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Grant permit for one house per five acres
How ironic that just across the page from Mr. John L. Adams'
eloquent defense of the Treemont development (4/27/00) is a small but
gut-wrenching article from Olympia concerning the average annual loss
of 30,000 acres of wildlife habitat to human use in Washington state since
Here are several important and alarming points omitted in this
letter, but worthy of consideration: The reduced number of 194 houses
still means 194 septic systems on a virtual clear cut above two fragile
waterways and their surrounding wetlands and farmlands. No one at the
decision-making level seems to be remarking the potential catastrophic effect on
the numerous existing private wells on this ridge and/or the now-clean aquifer.
No state-of-the-art technology will protect this ecosystem if any of
these proposed septics fail, or are caused to fail by landslide or earthquake.
The majority of this ridge, composed of layers of glacial rock and several
kinds of slide-prone clay, historically does not perk, and the majority of
existing septics in the same area are above-ground, mound systems. Where
will our water come from, and who will pay for new wells if our current
wells become contaminated? King County?
The proposed "buffers" are, in fact, and according to Mr. Johns' own
map, actually three very small clusters of trees on the uphill side of the edge
of the development, quite insignificant in the face of losing those nearly
250 acres of lush second-growth forest habitat. The "buffers" are clearly
strategically placed to preserve the "view."
The proposed state-of-the-art stormwater and runoff pipeline
substantially exceeds the normally permitted length of one-quarter mile.
The developer claims that the water flowing from this pipeline will have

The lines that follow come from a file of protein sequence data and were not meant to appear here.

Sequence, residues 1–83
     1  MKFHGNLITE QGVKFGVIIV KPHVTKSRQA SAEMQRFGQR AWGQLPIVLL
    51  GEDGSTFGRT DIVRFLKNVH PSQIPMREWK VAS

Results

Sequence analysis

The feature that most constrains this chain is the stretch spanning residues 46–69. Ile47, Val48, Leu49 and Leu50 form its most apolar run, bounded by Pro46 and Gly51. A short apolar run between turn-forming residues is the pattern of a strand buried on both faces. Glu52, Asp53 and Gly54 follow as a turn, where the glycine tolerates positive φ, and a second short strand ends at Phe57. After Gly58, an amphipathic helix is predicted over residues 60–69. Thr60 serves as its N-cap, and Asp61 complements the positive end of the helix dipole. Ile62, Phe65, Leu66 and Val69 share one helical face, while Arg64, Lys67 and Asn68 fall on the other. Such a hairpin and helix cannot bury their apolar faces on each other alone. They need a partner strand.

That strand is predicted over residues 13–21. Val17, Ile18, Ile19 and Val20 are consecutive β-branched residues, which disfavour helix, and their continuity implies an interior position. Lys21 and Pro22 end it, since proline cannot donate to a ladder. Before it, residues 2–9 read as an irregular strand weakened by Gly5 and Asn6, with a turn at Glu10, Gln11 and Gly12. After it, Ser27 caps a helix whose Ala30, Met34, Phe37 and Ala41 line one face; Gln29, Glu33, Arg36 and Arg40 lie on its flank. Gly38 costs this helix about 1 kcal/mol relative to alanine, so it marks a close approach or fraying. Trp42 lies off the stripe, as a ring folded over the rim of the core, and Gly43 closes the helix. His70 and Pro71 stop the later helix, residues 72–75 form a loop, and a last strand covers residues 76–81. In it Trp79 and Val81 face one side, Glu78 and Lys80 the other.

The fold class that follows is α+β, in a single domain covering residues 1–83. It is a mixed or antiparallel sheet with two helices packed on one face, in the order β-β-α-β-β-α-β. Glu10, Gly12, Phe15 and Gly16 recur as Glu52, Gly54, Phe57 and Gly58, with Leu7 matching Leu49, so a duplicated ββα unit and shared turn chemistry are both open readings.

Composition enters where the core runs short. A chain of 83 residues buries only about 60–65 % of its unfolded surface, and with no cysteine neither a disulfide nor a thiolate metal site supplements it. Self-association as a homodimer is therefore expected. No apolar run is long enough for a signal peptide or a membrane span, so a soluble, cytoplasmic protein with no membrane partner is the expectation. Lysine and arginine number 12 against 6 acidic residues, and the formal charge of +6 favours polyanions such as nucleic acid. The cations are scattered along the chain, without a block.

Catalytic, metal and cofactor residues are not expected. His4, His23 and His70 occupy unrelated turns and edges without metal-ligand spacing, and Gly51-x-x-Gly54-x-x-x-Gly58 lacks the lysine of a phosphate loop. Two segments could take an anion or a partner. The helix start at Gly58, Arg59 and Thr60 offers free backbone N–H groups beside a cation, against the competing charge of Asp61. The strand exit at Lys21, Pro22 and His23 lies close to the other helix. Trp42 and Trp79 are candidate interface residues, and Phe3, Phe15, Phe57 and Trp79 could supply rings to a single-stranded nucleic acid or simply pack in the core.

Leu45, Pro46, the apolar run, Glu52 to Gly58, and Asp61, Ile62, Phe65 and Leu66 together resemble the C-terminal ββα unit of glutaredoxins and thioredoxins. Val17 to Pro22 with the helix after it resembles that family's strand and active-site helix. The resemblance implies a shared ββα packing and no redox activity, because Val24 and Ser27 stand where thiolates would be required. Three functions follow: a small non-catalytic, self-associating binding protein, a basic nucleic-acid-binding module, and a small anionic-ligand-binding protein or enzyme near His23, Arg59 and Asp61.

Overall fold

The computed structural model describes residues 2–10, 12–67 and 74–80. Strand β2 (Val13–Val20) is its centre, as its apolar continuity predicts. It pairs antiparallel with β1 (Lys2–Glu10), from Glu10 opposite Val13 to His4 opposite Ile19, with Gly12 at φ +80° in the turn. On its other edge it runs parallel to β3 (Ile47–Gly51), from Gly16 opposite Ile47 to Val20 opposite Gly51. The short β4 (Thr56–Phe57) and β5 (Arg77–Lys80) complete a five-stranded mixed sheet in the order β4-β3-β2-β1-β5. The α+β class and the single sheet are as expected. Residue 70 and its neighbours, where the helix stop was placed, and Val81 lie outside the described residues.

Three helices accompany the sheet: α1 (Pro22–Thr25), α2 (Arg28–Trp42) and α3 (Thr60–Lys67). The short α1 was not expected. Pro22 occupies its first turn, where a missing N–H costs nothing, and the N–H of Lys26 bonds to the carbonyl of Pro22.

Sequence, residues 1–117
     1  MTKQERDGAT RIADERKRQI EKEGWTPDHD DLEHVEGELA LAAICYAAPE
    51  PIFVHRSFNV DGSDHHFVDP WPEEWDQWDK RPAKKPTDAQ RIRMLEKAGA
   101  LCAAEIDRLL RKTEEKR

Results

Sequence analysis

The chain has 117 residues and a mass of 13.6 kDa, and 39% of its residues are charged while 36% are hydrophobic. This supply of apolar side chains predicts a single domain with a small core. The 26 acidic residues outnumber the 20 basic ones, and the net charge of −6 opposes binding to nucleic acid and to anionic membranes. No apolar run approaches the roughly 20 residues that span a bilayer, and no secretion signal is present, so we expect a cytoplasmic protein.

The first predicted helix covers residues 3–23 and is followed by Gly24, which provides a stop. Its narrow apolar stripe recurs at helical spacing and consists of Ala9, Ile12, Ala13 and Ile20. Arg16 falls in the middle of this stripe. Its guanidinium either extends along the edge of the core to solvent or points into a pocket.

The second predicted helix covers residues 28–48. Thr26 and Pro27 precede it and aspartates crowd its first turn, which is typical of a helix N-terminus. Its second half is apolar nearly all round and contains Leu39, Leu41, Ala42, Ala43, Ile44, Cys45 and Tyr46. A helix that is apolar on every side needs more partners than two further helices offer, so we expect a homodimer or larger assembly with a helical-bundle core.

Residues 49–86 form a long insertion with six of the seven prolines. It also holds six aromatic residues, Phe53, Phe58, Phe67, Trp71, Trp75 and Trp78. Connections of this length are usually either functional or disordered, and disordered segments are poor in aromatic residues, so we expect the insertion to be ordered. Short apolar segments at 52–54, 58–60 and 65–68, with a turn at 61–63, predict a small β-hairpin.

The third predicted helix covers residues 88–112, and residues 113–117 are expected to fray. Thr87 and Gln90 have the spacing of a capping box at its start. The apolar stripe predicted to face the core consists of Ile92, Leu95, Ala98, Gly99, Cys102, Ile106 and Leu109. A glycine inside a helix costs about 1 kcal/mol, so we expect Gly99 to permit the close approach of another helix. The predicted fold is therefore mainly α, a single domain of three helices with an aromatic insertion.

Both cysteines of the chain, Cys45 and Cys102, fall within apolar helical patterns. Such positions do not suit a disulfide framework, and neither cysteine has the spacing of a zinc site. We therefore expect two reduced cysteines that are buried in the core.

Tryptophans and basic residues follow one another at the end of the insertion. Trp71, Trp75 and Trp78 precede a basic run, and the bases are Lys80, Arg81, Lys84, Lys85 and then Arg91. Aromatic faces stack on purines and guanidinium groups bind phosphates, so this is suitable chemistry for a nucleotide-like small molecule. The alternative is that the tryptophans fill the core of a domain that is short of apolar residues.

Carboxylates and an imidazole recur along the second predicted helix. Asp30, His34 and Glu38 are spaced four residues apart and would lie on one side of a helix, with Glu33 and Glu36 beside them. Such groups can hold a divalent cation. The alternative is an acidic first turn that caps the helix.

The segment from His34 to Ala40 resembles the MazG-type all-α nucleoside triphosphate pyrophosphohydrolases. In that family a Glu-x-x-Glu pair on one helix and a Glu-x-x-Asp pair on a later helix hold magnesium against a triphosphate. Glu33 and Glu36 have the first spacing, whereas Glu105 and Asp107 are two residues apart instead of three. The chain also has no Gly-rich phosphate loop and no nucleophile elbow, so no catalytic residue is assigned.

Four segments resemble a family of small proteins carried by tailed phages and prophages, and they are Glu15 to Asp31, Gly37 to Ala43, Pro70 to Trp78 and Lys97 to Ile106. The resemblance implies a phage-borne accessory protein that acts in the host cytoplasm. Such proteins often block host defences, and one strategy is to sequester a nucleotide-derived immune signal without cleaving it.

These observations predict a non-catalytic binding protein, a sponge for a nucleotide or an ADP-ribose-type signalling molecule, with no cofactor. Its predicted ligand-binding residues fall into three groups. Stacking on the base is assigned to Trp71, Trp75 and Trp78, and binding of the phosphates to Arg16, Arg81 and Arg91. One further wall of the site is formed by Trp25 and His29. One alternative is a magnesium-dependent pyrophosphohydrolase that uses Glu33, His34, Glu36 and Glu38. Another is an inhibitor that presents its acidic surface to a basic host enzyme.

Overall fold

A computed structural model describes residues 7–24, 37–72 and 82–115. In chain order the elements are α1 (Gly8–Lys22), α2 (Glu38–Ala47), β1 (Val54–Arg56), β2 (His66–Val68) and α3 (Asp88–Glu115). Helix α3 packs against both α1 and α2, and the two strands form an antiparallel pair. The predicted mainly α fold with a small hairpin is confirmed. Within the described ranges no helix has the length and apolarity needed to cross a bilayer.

no impact on the flood-prone Snoqualmie River or the salmon-bearing
Patterson Creek. It is incredible to think that
any study costing any amount of money could accurately predict such a
rosy picture when the farmers that now live and work just below the proposed
development can and do affirm otherwise.
At the King County Council meeting last Monday, Mr. Johns,
Port Blakely's attorney, also said that diverting water from Patterson
Creek would not have any significant impact because it pretty much dries up in
the summer anyway! Ask the farmers who live and work along Patterson
Creek if this is an accurate statement!
And, as disturbing as I find the above points, and as a resident of
the ridge in question (in a house on 5 acres, conforming to rural zoning),
I find the lack of vision apparent in the granting of so many exceptions
to rules and zoning variances designed to protect such rural and sensitive
areas truly disheartening. In many recent Fall City community meetings
the overwhelming sentiment expressed was in favor of maintaining the
rural character of this area.
To allow this high-density, Klahanie-style development to go
forward is to completely ignore the fact that it will forever destroy the
clear Rural-Urban boundary currently designated by the King County's
Growth Management plan. It will then only be a matter of time before the
working farmers in the Valley lose more precious topsoil to flooding, and until
the already-struggling salmon population disappears from local water.
Please, King County, have the vision to say no to the short-sighted and
profit-motivated 194 houses.
Grant permits only for the "one house to five acre" alternate plan
proposed by the developer himself, that will allow us to preserve both our
way of life and the legacy we must leave to the generations that will follow us!
Carol Siipola Chittum